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In Pictures: Saluting historic Navy ships across the U.S.
By Tom Adkinson
July 7, 2023

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The month in which we celebrate Independence Day is special at many places with connections to America’s military past, and that’s particularly true at these five destinations where ships of various vintages are open for visits. They are on three coasts and deep in the middle of the country on Lake Michigan. The vessels include a frigate built in 1797 that remains a commissioned vessel in the U.S. Navy and a World War II submarine built hundreds of miles from the oceans where it would patrol. All aboard!

‘Old Ironsides’

historic navy ship old ironsides
You can’t get much more patriotic than the USS Constitution, “Old Ironsides.” The 54-gun frigate, built in 1797, earned its nickname in the War of 1812 when British cannon fire from the HMS Guerriere bounced off its thick wooden hull. Boston is its homeport, and it is oldest commissioned warship afloat. U.S. Navy personnel are on board as interpretative historians. Inspecting the ship sets the stage for the nearby USS Constitution Museum, where you can explore the sailing ship’s full story. Image courtesy of the U.S. Navy

USS Yorktown

USS Yorktown
The aircraft carrier USS Yorktown, known as the Fighting Lady, is the centerpiece of the multi-faceted Patriots Point attraction in Charleston, S.C. Along with the Yorktown are the USS Laffey (nicknamed the “Ship That Wouldn’t Die” after it survived a massive kamikaze attack), the three-acre Vietnam Experience and the Medal of Honor Museum. The Yorktown served in World War II and Vietnam and recovered the Apollo 8 astronauts and capsule in 1968. Image courtesy of Patriots Point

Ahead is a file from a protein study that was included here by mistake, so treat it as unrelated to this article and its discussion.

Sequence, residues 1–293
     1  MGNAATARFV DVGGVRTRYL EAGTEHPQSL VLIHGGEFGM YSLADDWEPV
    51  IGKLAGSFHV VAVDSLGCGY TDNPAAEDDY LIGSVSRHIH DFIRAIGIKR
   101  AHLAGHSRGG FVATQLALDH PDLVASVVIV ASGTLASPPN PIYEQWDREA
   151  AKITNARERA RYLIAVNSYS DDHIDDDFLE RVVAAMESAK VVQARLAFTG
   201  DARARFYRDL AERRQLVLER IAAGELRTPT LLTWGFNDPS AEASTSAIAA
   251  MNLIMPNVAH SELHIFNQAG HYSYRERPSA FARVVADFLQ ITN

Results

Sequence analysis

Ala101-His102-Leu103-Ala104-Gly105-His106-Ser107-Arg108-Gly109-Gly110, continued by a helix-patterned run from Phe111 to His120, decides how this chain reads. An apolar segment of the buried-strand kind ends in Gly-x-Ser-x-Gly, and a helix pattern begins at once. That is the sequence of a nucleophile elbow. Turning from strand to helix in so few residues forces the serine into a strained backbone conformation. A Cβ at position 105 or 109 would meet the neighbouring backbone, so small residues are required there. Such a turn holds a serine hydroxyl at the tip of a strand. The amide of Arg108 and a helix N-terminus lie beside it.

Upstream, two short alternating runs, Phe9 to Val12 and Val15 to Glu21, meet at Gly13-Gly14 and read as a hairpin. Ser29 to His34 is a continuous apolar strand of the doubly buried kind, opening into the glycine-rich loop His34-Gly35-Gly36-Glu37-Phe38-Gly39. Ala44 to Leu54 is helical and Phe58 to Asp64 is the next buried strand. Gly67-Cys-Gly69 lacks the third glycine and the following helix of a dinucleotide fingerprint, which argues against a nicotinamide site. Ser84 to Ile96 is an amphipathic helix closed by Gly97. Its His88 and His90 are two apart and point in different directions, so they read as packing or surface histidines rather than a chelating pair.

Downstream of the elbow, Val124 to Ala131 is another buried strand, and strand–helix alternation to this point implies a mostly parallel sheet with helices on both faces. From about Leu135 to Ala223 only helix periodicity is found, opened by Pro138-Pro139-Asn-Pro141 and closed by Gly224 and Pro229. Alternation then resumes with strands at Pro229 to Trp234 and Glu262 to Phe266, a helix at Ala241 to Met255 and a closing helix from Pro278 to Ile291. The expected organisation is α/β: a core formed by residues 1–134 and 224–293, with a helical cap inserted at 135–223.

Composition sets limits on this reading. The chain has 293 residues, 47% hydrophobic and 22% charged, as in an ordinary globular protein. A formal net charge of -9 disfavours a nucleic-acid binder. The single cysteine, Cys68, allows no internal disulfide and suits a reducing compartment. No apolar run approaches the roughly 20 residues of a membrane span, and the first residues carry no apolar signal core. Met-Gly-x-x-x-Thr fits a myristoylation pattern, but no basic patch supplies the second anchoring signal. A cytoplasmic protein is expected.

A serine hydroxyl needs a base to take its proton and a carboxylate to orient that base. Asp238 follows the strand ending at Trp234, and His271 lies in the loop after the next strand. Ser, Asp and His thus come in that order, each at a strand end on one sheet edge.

USS Alabama

USS Alabama
The massive USS Alabama – 680 feet long and displacing 45,000 tons – almost became scrap metal. After leading the American fleet into Tokyo Bay on Sept. 5, 1945, at the end of World War II, the mighty ship was decommissioned in 1947 and was scheduled to be scrapped in the 1960s. Patriotic Alabamians intervened, and the ship now is the biggest attraction at Battleship Memorial Park in Mobile. Also in the park are the submarine USS Drum and several warplanes, including a Red-Tail P-51 fighter, the plane flown by the famed Tuskegee Airmen. Image courtesy of Alabama Tourism Department

USS Midway

USS Alabama
A 25-foot-tall statue called “Unconditional Surrender” often is paired in photos with the USS Midway, now a major visitor attraction in San Diego, Calif. The Midway, named for the critical Battle of Midway in World War II, was built in only 17 months and was commissioned just one week after the war ended. That, however, was when she began the longest tenure of any 20th century aircraft carrier. A cadre of 650 docents, many of them Navy veterans, tells the ship’s story. A bonus aboard is the Café 41, which offers an excellent view of San Diego who you enjoy a lunch. Image courtesy of the USS Midway Museum

USS Cobia

USS Cobia
Wisconsin isn’t a place you might expect to see a submarine, but it’s quite logical in Manitowoc at the Wisconsin Maritime Museum. Of the 223 submarines the U.S. built during World War II, 28 came from a shipyard in Manitowoc on Lake Michigan. The USS Cobia is the museum’s focal point. Even though it wasn’t one of the Manitowoc 28, it’s of the same class, and it holds quite a distinction – it’s listed as an Airbnb property. They call it Sub BNB. Image courtesy of the Wisconsin Maritime Museum

Trip-planning resources:,,, and

(Travel writer Tom Adkinson’s book, 100 Things To Do in Nashville Before You Die, is available on

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